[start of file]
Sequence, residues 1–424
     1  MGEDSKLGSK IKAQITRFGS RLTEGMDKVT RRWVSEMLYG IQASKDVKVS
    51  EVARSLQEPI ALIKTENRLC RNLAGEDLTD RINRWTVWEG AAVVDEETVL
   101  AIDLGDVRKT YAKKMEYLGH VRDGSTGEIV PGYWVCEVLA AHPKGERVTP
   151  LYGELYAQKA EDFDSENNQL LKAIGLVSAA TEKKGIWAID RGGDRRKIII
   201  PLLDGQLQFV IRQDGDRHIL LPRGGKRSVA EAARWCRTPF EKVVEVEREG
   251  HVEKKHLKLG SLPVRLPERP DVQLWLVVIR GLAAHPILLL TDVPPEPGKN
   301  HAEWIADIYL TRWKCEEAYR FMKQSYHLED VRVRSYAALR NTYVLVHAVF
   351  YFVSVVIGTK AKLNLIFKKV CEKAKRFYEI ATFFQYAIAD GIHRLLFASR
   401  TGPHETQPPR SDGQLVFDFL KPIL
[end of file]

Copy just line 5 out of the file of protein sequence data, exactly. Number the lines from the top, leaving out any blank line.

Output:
   151  LYGELYAQKA EDFDSENNQL LKAIGLVSAA TEKKGIWAID RGGDRRKIII